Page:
Why are plants green? NASA scientists claim to have found the answer in the light from the sun, according to a report from Reuters, 11 April 2007. A group of scientists from NASA's Virtual Planetary Laboratory have been developing a computer model for predicting the colour of plants on other planets based on the light from their stars. To do this they studied how plants and bacteria on earth absorb and reflect the sun's light. The green colour in plants is from a pigment named chlorophyll, which absorbs light from the red end and blue end of the rainbow of colours that is found in sunlight, and reflects green light, which is in the middle of spectrum. We see the reflected light, so plants appear green.

The scientists found that blue light is easier to absorb, but there is more red light available. Therefore, according to Nancy Kiang, who led the study, plants "don't absorb the green because they have more than enough light from blue and red. They just don't need green." Kiang went on to comment: "It turns out plants are actually using the best light there is." The NASA team claim they have "uncovered maybe the best explanation of why plants are green."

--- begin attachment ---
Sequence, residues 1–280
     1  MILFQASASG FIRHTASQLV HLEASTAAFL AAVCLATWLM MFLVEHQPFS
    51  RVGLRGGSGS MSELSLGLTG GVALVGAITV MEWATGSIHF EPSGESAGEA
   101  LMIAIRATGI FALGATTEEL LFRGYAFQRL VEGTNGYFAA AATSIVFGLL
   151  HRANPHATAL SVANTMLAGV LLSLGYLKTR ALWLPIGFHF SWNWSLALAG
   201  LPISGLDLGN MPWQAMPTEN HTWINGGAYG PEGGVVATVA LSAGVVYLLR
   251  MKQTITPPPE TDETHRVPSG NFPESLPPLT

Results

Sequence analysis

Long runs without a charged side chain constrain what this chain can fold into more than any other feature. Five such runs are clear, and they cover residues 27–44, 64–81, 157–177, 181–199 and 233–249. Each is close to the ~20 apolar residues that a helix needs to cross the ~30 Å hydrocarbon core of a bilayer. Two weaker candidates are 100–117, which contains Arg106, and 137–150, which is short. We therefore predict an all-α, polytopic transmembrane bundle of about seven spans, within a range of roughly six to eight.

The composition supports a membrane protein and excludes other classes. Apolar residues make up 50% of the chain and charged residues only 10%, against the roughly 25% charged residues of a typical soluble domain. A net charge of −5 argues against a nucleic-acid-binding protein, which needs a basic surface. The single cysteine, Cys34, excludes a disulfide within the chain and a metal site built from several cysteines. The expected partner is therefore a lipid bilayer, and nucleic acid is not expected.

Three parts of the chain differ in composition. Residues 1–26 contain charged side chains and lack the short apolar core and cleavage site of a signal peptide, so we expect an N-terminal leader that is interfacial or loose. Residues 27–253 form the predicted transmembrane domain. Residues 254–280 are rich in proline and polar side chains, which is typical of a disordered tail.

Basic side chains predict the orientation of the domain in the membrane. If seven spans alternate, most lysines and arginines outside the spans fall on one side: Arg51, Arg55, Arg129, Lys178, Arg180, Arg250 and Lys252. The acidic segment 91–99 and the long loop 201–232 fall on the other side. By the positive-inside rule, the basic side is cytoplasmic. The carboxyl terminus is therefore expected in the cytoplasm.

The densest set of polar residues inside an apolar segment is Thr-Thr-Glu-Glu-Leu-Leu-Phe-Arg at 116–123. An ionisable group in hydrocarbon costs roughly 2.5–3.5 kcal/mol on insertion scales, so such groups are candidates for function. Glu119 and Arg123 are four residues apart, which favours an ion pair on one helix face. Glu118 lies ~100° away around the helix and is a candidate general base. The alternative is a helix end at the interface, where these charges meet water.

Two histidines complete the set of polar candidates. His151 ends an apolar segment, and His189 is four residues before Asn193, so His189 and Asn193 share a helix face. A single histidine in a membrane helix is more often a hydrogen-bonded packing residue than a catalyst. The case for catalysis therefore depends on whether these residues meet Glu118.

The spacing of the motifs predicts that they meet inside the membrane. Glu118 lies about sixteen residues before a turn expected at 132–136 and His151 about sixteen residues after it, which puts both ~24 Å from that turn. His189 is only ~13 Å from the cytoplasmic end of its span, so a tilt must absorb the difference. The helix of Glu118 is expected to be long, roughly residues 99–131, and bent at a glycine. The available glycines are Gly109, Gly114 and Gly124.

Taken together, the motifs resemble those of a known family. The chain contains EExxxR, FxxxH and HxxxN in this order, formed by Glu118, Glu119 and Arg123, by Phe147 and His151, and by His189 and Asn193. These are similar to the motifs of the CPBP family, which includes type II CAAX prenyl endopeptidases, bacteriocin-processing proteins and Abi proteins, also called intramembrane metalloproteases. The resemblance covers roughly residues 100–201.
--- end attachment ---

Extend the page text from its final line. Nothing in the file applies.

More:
Editorial Comment: The NASA scientists have not explained why plants are green; they have simply observed a system that works. The fact that there is plenty of blue and red light available as an energy source does not explain how the highly complex and precisely shaped molecules that capture the light came into being. The most rational explanation for any system that works well is that a rational mind outside the system designed each component to work with the others. The God who made light on the first creation day designed and made the plants to use "best light there is". (Ref. photosynthesis, photonics, colour)

Evidence News 11 July 2007


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